Study: Black pastors led congregations toward safety during pandemic

Published 5:00 pm Thursday, February 3, 2022

A research team at The University of Southern Mississippi, led by assistant professor of public health, Dr. Tanya Funchess, recently completed a phenomenological qualitative study designed to address how African American pastors in Mississippi handled the COVID-19 pandemic with their congregations.

The study focused on understanding the lived experiences of the pastors during the pandemic and how they aided their congregations to limit and reduce the virus’s impact on their health and well-being. Approximately 40 pastors participated.

The study is one of the first to investigate the role that African American pastors played in helping to mobilize their communities for public health safety, addressing the state mandates, and ensuring the members’ remained abreast of health guidelines, policies and resources.

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Funchess noted that pastors found themselves treading unfamiliar terrain as the COVID crisis became widespread. She and her colleagues sought to explore how African American pastors reacted to the virus’ restrictions and limitations.

“Due to the guidelines at the onslaught of COVID-19, several services and programs that are embedded in the fabric of the Black community’s culture and relegated as core responsibilities of the church became restricted or stopped altogether,” said Funchess. “Services such as visiting the sick at hospitals, church leadership officiating congregants’ funerals or supporting them through the loss of a loved, hosting face-to-face worship services, and physically interacting with their congregants were either suspended, limited or stopped completely.”

The study participants consisted of the head pastors, associate pastors and senior pastors of churches located in the northern, central, and southern regions of Mississippi. Each shared their approaches and strategies for dealing with the COVID-19 pandemic, including how they transitioned to online and web-based communication while adhering to the state’s COVID-19 mandates, maintained operations despite having no to limited physical presence in the sanctuary, and disseminated health education, information and supplies to their members and throughout their communities.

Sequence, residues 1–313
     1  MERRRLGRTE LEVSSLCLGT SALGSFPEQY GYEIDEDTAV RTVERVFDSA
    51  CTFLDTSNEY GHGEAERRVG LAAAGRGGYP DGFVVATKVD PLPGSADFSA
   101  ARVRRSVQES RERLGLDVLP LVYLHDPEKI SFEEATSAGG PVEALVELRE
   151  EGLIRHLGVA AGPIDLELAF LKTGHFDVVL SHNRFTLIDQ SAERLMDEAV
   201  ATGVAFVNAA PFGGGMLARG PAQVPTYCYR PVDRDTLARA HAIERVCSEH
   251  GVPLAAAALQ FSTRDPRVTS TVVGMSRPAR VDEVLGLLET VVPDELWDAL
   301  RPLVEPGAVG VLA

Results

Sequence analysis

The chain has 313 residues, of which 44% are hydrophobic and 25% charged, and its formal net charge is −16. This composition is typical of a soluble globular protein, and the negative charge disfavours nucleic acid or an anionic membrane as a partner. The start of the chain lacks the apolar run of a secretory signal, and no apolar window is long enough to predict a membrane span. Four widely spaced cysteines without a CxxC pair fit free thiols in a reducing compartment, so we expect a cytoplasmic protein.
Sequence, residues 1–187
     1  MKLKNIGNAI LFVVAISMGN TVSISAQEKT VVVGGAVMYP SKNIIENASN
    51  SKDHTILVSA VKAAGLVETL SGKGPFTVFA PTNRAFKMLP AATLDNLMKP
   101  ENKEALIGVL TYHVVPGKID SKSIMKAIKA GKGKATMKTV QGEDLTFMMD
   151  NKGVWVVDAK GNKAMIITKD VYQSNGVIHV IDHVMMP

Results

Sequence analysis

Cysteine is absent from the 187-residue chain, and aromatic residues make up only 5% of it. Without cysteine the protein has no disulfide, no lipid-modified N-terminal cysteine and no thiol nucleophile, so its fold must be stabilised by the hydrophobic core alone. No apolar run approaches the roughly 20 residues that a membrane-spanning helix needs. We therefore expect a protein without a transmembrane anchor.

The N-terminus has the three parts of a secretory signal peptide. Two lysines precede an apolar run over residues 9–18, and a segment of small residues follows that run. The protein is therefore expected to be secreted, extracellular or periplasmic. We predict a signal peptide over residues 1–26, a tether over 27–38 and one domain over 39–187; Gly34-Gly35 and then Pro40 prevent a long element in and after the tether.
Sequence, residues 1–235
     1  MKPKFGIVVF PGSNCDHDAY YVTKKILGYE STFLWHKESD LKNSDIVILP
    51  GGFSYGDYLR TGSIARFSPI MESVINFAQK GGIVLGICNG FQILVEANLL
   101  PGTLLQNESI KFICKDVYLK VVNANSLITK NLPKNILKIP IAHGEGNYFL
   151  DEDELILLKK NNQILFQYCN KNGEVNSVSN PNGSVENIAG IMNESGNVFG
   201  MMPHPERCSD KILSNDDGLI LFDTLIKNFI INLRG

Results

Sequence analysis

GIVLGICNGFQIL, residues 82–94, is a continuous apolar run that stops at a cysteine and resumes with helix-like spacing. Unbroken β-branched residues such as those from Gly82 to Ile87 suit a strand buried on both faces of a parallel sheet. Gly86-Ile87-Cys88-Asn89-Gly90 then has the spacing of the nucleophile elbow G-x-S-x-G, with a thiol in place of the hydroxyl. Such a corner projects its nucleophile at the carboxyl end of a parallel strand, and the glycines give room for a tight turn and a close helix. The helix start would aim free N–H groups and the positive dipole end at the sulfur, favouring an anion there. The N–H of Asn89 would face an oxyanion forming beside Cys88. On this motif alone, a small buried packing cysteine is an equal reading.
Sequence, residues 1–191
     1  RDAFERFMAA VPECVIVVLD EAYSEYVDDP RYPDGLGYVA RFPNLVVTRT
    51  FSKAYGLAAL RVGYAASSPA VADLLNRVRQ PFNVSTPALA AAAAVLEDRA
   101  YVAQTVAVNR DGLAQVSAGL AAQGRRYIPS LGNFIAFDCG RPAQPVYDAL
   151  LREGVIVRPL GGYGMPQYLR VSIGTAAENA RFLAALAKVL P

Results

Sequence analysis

At the onslaught of COVID-19 and following executive orders, 90 percent of the pastors stopped or restricted services in March 2020. While 10 percent of the pastors had established health ministries to help with information and resource dissemination, other pastors were actively involved in sifting through the abundant materials and communication to ensure “culturally appropriate” and “plain language” COVID-19 information was shared with the members via online technologies.

A few of the pastors were engaged with their local government which had formed COVID action teams as a way of securing information and resources for their members. Though pastors were being personally affected by the virus, some losing loved ones and facing insurmountable pressures, they maintained the spiritual diligence for counseling their members facing mental stressors, relationship woes, and trauma due to the virus.

The study reinforced the importance of the pastors’ role to the members and the community and revealed how effective they are as a resource for disseminating pertinent health information during times of crises, and their ability to affect behavior change for the better among their congregants.

“Pastors in this study were relentless,” Funchess emphasized. “They tried numerous approaches to keep their congregants safe, while implementing COVID-19 guidelines. Pastors can adapt in times of crises in ways that satisfy the diverse needs of their congregants to include, spiritual, emotional, financial and social needs.”

For more information about the study, contact Funchess at 601-266-5437 or